‘Tis the good reader that makes the good book; in every book he finds passages which seem to be confidences or sides hidden from all else and unmistakably meant for his ear; the profit of books is according to the sensibility of the reader; the profound thought or passion sleeps as in a mine, until it is discovered by an equal mind and heart.
(...) perfectly ordinary books, printed on commonplace paper in mundane ink. It would be a mistake to think that they weren't also dangerous, just because reading them didn't make fireworks go off in the sky. Reading them sometimes did the more dangerous trick of making fireworks go off in the privacy of the reader's brain.
The paradox of reading is that the path toward ourselves passes through books, but that this must remain a passage. It is a traversal of books that a good reader engages in - a reader who knows that every book is the bearer of part of himself and can give him access to it, if only he has the wisdom not to end his journey there.
When a reader falls in love with a book, it leaves its essence inside him, like radioactive fallout in an arable field, and after that there are certain crops that will no longer grow in him, while other, stranger, more fantastic growths may occasionally be produced."[Books vs. Goons, L.A. Times, April 24, 2005]
Curiously enough, one cannot read a book: one can only reread it. A good reader, a major reader, an active and creative reader is a rereader. And I shall tell you why. When we read a book for the first time the very process of laboriously moving our eyes from left to right, line after line, page after page, this complicated physical work upon the book, the very process of learning in terms of space and time what the book is about, this stands between us and artistic appreciation. When we look at a painting we do not have to move our eyes in a special way even if, as in a book, the picture contains elements of depth and development. The element of time does not really enter in a first contact with a painting. In reading a book, we must have time to acquaint ourselves with it. We have no physical organ (as we have the eye in regard to a painting) that takes in the whole picture and then can enjoy its details. But at a second, or third, or fourth reading we do, in a sense, behave towards a book as we do towards a painting. However, let us not confuse the physical eye, that monstrous masterpiece of evolution, with the mind, an even more monstrous achievement. A book, no matter what it is—a work of fiction or a work of science (the boundary line between the two is not as clear as is generally believed)—a book of fiction appeals first of all to the mind. The mind, the brain, the top of the tingling spine, is, or should be, the only instrument used upon a book.
Allowing yourself to stop reading a book - at page 25, 50, or even, less frequently, a few chapters from the end - is a rite of passage in a reader's life, the literary equivalent of a bar mitzvah or a communion, the moment at which you look at yourself and announce: Today I am an adult. I can make my own decisions.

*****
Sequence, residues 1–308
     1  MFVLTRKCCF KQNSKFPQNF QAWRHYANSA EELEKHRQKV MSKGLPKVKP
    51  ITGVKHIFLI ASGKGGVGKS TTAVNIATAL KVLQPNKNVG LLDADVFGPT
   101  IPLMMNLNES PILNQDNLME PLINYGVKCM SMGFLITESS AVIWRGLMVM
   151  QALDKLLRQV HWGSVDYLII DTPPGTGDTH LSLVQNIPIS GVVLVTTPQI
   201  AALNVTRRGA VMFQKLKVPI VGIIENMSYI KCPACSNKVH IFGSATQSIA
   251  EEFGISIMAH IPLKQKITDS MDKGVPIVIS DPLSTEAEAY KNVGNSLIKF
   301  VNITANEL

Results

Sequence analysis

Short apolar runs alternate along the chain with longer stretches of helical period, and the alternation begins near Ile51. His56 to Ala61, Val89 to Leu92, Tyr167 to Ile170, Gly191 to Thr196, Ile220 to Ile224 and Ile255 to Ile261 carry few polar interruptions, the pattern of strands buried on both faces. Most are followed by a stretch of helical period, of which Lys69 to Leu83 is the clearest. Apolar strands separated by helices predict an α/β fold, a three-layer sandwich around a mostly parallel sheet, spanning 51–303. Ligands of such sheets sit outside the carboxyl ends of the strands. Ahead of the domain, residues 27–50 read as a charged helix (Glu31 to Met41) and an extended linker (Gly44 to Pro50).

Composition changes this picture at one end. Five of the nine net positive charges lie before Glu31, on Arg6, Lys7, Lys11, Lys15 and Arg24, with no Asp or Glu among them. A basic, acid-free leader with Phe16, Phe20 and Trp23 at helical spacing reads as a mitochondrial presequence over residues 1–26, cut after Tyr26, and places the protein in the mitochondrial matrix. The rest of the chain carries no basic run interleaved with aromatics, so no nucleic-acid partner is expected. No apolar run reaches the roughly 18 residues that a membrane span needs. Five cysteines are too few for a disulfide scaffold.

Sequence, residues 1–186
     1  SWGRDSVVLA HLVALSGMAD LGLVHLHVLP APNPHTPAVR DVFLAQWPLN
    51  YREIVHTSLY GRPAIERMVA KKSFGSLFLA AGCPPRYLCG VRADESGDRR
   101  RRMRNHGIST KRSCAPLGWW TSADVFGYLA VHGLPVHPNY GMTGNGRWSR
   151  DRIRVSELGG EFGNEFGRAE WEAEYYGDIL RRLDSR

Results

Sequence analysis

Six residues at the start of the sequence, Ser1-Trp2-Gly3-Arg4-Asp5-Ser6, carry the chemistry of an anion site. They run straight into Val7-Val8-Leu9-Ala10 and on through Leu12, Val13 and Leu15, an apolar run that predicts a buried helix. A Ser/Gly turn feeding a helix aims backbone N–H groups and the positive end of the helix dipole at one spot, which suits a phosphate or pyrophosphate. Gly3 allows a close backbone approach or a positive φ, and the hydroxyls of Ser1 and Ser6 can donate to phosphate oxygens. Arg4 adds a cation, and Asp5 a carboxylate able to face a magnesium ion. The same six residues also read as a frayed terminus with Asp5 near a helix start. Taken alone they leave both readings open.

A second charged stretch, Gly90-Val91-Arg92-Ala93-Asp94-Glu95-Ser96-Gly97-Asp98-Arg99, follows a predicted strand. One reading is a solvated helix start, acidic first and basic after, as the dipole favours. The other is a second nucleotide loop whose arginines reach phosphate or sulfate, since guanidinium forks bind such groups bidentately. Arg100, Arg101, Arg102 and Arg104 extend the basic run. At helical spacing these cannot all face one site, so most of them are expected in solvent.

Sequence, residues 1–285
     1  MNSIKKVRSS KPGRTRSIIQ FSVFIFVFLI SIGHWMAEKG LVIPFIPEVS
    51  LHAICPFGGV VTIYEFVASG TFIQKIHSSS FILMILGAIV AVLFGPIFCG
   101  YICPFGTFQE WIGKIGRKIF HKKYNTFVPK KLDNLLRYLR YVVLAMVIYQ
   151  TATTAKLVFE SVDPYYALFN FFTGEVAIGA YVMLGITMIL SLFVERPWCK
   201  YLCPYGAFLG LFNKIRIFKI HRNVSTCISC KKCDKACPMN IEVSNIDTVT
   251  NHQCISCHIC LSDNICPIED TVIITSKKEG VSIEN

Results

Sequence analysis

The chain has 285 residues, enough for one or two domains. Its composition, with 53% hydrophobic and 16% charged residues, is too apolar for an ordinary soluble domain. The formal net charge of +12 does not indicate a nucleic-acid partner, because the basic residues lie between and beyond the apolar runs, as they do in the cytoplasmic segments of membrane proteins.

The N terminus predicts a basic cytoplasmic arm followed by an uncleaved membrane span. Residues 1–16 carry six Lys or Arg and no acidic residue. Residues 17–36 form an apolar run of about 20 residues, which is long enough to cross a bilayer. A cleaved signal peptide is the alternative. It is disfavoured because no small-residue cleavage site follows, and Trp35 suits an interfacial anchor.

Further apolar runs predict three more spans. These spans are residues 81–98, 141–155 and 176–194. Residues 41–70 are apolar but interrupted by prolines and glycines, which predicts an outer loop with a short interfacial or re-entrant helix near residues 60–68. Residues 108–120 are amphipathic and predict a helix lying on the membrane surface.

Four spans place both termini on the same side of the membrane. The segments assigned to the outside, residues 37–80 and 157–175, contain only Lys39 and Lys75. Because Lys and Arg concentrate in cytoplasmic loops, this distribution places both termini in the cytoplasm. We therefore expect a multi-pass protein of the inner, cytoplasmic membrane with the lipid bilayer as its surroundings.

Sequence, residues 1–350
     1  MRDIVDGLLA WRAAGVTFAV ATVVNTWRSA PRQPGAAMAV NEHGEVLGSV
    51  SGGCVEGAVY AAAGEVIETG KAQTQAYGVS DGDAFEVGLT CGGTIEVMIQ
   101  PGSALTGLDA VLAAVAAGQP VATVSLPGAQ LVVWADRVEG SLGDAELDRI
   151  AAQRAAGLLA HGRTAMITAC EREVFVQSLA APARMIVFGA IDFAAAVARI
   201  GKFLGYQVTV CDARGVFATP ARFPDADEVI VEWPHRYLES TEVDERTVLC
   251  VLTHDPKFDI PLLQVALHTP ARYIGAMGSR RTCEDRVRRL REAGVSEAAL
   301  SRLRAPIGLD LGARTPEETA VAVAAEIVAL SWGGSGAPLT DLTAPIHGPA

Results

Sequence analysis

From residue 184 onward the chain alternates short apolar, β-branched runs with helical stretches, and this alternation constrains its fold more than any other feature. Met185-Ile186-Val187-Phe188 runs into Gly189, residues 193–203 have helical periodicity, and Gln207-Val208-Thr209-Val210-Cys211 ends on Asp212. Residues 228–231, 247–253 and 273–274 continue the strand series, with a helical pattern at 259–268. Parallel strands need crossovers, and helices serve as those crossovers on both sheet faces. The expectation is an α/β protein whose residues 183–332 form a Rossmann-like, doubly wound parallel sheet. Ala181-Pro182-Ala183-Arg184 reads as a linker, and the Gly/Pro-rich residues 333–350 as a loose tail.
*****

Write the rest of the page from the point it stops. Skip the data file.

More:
I love the book. I love the feel of a book in my hands, the compactness of it, the shape, the size. I love the feel of paper. The sound it makes when I turn a page. I love the beauty of print on paper, the patterns, the shapes, the fonts. I am astonished by the versatility and practicality of The Book. It is so simple. It is so fit for its purpose. It may give me mere content, but no e-reader will ever give me that sort of added pleasure.
Eliot was scornful of idle women readers who imagined themselves the heroines of French novels, and of self-regarding folk who saw themselves in the most admirable character in a novel, and she hoped for more nuanced engagement from her own readers. Even so, all readers make books over in their own image, and according to their own experience.
What's your favorite book?' is a question that is usually only asked by children and banking identity-verification services--and favorite isn't, anyway, the right word to describe the relationship a reader has with a particularly cherished book. Most serious readers can point to one book that has a place in their life like the one that 'Middlemarch' has in mine.
Once in a very long time you come across a book that is far, far more than the ink, the glue and the paper, a book that seeps into your blood. With such a book the impact isn't necessarily obvious at first...but the more you read it and re-read it, and live with it, and travel with it, the more it speaks to you, and the more you realize that you cannot live without that book. It's then that the wisdom hidden inside, the seed, is passed on.
An old book was a time capsule. When you opened the front cover, you opened a door to another world—a world accessible through a kind of looking glass made of hard-board and cloth. The author’s voice resonated in the reader’s head with the same words that had resonated in his own as he wrote them. He spoke to the reader from the past. What he had witnessed, experienced, learned, and discovered would live forever. You only had to turn a page to travel in time.